I read the following statement somewhere on the web: "Every blockchain address possible already existed, long before a wallet found it. The reason is that blockchain addresses are the result of a mathematical operation." Can somebody explain this to me as they would to a child. I have no computer science background.


An address is an encoding of a 20 byte value. This value is just a number, from 0 to 2^160 (there are 8 bits in a byte, so a 20 byte value has 160 bits and a bit can be 2 values). Because we know what all of those numbers are, all possible addresses are known beforehand and already exist; they are just a number.

  • Not all of them could be addresses, there might exist some set of bytes for which no hash160 of a sha256 can equal – Anonymous Oct 22 '17 at 9:19
  • @Bitcoin They would still be valid addresses for which you can send money to. It would just be that no one is able to spend from them. – Andrew Chow Oct 22 '17 at 16:25
  • I’m really just arguing semantics. – Anonymous Oct 22 '17 at 16:26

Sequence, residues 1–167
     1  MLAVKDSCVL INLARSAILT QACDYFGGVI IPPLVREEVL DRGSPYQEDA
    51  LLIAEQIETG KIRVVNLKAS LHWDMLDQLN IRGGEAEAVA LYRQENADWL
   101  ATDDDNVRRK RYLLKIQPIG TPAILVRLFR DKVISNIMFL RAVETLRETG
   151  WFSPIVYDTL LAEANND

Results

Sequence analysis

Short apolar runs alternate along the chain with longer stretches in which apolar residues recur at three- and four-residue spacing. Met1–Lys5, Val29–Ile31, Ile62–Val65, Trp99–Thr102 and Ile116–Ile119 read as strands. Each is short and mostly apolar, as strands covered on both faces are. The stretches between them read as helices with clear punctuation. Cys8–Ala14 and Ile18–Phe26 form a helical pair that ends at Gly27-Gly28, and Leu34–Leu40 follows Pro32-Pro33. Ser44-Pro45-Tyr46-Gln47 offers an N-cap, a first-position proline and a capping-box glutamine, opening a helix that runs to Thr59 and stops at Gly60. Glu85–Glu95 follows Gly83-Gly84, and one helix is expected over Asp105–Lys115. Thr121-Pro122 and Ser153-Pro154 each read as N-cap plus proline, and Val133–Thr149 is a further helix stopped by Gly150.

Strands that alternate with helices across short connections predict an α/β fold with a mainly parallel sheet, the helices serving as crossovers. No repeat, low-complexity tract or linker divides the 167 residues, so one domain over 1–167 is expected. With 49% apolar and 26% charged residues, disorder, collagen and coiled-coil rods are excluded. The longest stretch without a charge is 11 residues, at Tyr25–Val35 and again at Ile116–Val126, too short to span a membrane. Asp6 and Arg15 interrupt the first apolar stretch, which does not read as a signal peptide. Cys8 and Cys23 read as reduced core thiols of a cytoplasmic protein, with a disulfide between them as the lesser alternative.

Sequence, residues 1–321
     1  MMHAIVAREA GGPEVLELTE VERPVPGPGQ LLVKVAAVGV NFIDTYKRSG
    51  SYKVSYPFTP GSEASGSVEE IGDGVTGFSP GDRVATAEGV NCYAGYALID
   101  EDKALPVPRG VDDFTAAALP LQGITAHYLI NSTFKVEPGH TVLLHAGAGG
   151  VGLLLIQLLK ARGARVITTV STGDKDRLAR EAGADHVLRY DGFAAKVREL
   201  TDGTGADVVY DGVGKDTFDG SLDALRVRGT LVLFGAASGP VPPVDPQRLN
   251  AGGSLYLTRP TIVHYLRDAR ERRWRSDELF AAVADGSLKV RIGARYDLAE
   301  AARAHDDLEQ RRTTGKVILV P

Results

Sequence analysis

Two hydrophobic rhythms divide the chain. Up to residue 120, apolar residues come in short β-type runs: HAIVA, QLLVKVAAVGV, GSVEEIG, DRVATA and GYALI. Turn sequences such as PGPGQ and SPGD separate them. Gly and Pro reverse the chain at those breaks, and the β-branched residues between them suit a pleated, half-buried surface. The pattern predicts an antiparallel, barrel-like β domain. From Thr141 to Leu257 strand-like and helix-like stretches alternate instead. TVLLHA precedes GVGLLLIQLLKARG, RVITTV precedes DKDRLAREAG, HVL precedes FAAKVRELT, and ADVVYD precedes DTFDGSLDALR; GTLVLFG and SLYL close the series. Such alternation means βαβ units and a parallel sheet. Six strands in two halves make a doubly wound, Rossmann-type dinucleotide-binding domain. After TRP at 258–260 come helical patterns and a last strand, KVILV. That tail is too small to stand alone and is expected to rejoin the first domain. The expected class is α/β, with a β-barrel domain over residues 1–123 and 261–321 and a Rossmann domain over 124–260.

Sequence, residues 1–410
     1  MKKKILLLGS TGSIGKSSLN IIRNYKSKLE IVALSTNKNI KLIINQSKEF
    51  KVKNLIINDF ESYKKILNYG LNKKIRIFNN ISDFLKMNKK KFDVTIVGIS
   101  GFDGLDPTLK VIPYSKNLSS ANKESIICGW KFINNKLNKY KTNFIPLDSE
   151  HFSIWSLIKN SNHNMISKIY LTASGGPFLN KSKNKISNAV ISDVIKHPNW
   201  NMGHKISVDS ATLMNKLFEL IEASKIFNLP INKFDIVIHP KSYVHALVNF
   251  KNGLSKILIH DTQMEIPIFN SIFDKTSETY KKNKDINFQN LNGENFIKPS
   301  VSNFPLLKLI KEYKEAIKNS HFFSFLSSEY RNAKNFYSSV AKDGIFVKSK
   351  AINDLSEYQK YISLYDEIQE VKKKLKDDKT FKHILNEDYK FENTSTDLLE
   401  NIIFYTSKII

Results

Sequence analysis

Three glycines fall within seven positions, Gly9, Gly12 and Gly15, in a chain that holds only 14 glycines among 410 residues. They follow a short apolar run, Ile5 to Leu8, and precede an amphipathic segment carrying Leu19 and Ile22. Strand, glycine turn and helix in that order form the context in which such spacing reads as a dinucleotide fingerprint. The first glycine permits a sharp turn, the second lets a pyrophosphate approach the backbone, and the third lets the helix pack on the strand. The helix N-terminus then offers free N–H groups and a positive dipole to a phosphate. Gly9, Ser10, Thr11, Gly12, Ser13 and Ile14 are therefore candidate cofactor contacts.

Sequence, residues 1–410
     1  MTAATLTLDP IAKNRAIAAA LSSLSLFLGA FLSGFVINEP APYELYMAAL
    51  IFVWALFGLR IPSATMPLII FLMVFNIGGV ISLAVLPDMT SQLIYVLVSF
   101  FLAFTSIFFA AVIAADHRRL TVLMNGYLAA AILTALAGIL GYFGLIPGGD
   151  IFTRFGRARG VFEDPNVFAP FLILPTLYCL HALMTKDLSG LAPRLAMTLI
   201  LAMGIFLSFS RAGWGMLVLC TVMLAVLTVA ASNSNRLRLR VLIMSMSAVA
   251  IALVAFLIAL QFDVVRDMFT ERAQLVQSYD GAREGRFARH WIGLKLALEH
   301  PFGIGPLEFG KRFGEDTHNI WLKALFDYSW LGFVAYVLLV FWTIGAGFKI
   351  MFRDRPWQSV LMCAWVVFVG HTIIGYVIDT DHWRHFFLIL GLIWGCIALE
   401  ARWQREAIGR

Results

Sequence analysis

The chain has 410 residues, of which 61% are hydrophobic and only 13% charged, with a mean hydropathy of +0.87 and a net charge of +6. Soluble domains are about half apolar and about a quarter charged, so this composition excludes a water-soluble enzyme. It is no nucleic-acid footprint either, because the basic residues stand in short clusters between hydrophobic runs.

• But you are still wrong. An address does not need to have a valid public or private key behind it. It is just a 20 byte value and it can be any 20 byte value. You can still send to an address even if there is no public key which hashes to that value. It's still an address as it can still be validly represented by the Base58 Check Encoding of that 20 byte value. This is actually how a lot of burn addresses are made; the creator generated a 20 byte value and encoded it with Base58 Check Encoding. If there is a private key associated with that address, no one knows it. It could also not have one. – Andrew Chow Oct 22 '17 at 16:30
  • I’m arguing that validity means you really want to be able to know there’s a way of spending the money again- this couples with the parents question thinking they are all pre allocated. This is again, semantics. – Anonymous Oct 22 '17 at 16:32

I would argue that the wording of that is so poor that it should be considered incorrect.

Yes, an address is a result of a calculation. However all numbers can be the result of a calculation. The quote you gave could be paraphrased "all addresses already exist because addresses are numbers, and numbers exist". Phrased this way, it's easy to see that the quote contains no useful information, and is potentially misleading.


As Andrew said, first you choose a number between 0 and 2^160 (inclusive). (1 byte has 2^8 combinations, so 20 bytes is (2^8)^20, 2^160). Then you (or, the software) calculate corresponding private key, then the public key and the address. So theoretically, a computer can find all BTC addresses. (But that's actually impossible - https://www.reddit.com/r/Bitcoin/comments/1rurll/on_the_subject_of_listing_all_possible_private/)

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